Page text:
Hal on Science versus Religion

From: Mark Walker (tap@cgocable.net)
Date: Sun Mar 04 2001 - 12:54:40 MST

Hal wrote:

>The writing is on the wall for religion; eventually it will be reduced to
>something like Zen Buddhism, a set of rituals practiced for the peace of
>mind they bring. Unless, of course, some religion turns out to be true,
>and God, or Allah, or whoever, steps in to protect his faithful and smite
>the unbelievers. Without such intervention, science will kill religion.
>Given this reality, conflict is inevitable.

Arguably Christianity already has at its disposal such emasculated forms of theology, e.g., Tillich's "symbol of ultimate concern". The other logical possibility here is an emasculated version of science. There are a number of theories about the nature of science that sees science other than in the pursuit of THE TRUTH, e.g., some versions of pragmatism, Kuhn's social-historical analysis of science, and various contemporary "social-constructivist" analyzes. These views have gained a certain (distressing in my view) amount of currency. In my view, however, the science versus religion is not the big controvery.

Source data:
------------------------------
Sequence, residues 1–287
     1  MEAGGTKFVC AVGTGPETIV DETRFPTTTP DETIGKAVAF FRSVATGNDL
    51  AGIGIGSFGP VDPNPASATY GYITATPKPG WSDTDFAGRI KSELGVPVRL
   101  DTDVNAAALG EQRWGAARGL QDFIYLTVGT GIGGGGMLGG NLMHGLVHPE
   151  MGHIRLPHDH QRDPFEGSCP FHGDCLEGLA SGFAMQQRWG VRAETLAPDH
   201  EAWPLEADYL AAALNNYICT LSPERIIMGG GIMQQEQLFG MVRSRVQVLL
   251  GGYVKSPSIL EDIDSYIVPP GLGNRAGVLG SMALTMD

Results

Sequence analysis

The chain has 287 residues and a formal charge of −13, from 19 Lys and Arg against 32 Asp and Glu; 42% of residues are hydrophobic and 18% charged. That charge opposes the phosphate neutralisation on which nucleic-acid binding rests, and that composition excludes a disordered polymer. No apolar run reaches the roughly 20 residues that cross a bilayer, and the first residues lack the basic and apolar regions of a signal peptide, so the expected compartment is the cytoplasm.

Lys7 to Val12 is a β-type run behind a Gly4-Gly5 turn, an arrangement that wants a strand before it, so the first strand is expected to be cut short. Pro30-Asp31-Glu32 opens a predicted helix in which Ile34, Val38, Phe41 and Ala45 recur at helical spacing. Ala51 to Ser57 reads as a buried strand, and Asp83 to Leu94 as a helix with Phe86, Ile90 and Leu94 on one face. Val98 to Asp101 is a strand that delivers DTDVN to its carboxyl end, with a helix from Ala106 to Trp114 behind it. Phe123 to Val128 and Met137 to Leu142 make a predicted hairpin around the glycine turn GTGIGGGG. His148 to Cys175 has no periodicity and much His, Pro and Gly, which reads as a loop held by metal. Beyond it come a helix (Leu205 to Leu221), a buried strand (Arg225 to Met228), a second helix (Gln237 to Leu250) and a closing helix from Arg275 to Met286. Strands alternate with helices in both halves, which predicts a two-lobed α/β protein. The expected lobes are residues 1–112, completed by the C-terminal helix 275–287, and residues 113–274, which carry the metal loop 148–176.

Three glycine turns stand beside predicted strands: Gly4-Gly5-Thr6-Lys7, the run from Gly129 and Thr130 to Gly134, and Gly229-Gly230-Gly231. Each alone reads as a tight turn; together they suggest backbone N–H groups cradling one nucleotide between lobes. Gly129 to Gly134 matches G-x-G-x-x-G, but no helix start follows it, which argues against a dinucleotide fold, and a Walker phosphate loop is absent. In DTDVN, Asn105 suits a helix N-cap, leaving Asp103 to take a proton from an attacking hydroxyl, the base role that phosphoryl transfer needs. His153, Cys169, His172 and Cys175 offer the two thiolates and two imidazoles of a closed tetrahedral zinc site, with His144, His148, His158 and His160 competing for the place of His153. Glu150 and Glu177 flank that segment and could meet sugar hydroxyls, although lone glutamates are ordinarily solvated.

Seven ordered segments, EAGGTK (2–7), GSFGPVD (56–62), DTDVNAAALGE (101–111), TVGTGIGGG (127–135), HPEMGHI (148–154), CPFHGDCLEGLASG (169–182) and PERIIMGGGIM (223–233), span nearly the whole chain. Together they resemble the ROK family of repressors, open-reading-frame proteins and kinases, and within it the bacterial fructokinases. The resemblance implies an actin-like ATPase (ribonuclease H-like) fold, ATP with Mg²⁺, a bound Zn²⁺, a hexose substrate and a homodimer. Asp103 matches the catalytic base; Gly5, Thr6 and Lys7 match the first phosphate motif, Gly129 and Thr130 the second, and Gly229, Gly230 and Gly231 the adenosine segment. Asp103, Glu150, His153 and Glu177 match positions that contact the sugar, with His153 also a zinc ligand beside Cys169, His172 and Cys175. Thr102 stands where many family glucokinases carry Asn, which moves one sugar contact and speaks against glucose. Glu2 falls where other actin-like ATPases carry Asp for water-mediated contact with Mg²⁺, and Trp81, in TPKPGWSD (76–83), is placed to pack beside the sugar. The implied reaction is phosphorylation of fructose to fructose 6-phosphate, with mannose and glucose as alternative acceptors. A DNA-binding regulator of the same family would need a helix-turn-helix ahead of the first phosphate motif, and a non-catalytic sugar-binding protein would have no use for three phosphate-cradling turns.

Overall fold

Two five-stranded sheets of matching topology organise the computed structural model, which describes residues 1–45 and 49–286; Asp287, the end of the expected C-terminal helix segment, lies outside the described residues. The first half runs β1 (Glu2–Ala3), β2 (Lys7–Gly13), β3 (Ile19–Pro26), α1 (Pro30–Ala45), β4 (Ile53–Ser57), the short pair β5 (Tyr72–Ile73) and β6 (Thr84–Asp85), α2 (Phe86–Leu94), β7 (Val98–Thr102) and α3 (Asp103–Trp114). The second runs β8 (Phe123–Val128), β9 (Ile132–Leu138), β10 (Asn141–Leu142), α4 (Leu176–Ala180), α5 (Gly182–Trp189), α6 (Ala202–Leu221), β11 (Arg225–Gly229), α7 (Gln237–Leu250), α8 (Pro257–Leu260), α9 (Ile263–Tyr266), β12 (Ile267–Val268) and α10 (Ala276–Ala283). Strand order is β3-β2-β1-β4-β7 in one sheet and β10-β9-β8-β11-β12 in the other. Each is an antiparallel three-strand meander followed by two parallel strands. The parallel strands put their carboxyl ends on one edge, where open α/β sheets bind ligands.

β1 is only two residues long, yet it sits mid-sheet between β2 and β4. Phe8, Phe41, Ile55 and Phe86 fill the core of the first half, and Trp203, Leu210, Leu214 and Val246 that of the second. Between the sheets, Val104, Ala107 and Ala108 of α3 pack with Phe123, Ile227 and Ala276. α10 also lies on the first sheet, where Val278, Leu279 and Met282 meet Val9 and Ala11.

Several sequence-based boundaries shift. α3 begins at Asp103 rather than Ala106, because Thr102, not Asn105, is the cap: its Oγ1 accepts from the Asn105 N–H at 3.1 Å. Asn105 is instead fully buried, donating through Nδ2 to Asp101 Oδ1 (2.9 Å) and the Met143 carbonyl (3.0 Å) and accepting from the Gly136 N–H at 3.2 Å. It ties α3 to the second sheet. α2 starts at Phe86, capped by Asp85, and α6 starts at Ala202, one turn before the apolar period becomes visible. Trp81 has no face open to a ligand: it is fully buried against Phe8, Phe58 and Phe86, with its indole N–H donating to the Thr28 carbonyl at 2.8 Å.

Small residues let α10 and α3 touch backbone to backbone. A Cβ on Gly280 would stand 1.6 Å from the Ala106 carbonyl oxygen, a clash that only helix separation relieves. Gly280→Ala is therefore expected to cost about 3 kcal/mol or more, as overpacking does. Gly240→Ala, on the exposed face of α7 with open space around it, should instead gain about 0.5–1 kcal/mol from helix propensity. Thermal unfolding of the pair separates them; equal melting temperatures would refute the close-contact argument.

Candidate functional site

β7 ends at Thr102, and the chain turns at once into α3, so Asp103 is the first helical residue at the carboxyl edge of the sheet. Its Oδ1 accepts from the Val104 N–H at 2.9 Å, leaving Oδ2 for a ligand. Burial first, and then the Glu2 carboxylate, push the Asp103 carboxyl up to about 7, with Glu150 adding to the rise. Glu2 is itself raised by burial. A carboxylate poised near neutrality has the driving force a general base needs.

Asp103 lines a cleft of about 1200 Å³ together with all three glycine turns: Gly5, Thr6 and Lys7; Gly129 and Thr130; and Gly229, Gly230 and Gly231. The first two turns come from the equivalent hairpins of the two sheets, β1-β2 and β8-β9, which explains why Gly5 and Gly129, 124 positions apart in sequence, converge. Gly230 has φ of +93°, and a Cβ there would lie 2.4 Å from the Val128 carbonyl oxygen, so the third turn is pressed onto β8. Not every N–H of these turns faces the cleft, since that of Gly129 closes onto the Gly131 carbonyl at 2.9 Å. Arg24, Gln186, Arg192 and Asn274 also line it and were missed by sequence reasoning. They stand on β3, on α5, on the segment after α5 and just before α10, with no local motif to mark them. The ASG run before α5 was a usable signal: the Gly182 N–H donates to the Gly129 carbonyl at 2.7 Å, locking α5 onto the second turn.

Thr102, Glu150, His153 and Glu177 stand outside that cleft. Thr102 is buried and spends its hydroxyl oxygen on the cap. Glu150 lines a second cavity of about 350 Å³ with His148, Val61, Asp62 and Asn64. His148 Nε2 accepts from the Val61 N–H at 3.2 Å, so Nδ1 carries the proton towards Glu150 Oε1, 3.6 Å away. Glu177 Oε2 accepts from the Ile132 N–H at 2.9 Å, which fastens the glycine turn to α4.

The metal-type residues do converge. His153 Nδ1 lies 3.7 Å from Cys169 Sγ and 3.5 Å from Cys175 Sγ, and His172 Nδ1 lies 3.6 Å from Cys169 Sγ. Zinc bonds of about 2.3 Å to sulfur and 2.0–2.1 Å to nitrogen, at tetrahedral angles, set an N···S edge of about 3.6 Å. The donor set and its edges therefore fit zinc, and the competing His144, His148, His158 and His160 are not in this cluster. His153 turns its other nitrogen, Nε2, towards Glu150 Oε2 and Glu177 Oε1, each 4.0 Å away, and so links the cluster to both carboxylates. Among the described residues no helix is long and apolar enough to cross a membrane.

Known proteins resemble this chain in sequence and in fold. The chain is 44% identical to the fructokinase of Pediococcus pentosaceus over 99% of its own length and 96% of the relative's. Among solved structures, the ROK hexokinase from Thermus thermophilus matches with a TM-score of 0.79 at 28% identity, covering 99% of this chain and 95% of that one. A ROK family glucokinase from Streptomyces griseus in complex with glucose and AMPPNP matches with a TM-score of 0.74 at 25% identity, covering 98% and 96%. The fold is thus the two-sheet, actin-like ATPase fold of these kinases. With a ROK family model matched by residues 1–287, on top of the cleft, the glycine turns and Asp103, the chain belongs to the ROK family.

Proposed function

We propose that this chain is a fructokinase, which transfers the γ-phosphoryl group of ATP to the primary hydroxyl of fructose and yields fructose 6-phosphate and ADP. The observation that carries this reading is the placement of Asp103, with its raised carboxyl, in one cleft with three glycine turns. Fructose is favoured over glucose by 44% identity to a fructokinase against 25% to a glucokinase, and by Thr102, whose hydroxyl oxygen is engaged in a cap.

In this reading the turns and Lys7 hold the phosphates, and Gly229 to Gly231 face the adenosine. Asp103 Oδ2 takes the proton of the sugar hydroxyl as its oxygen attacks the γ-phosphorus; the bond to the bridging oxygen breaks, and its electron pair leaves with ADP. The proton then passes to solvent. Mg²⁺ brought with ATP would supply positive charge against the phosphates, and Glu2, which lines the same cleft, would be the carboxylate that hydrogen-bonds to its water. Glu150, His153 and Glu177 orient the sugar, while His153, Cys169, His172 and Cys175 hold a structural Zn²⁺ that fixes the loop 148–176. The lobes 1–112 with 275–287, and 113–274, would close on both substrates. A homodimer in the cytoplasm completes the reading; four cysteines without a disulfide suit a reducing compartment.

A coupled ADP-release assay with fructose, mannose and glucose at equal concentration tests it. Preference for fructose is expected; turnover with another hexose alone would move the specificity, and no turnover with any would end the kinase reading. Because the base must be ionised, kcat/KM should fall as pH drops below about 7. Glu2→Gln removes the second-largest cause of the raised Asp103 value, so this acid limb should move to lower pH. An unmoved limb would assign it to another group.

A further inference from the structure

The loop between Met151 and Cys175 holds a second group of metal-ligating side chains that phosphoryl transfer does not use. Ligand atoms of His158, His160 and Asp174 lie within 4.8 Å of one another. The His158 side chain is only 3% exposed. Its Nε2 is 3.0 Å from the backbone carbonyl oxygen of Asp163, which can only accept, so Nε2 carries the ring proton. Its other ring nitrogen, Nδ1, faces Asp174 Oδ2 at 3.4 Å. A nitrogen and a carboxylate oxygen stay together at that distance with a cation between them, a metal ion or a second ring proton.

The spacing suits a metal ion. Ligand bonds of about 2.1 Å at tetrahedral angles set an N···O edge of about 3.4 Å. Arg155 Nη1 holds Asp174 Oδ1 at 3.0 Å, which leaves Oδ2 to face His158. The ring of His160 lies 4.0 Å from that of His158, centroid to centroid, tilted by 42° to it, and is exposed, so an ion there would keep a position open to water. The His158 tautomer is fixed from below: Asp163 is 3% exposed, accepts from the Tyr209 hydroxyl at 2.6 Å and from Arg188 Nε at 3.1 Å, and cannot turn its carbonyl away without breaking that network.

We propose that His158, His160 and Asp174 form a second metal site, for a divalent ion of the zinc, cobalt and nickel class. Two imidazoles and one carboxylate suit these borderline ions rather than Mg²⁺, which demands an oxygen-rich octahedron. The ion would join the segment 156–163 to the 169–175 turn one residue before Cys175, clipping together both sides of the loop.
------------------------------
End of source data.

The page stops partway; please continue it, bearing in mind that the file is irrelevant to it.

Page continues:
To my mind, the conflict that is more relevant is between conservatives about human nature and activists about human nature. The former believe that we ought not to employ technology to "tamper" with human nature. Among the former we will find both scientists and the religious type (sometimes in the same person). The latter believe that we ought to employ technology to improve human nature-overcome various limitations, e.g., intelligence and lifespan. The latter (obviously) includes transhumanists and extropians (but there appears to be logical space here for other positions). Clearly scientists may be among this number, but so can the religious type. For example, there is the Irenaean theological tradition that is consistent with the aspiration to employ technology to improve humanity. Modern Irenaeans, for instance, take serious the geological record and our continuity with other life on this planet. God gave us just enough ability so that we could improve ourselves to become more in his "likeness" and (arguably), we might need to employ technology as part of this project.

                While I am an atheist, in a certain sense there is more agreement between myself and the Irenaean activist as opposed to the scientific conservative (about human nature). Mark.

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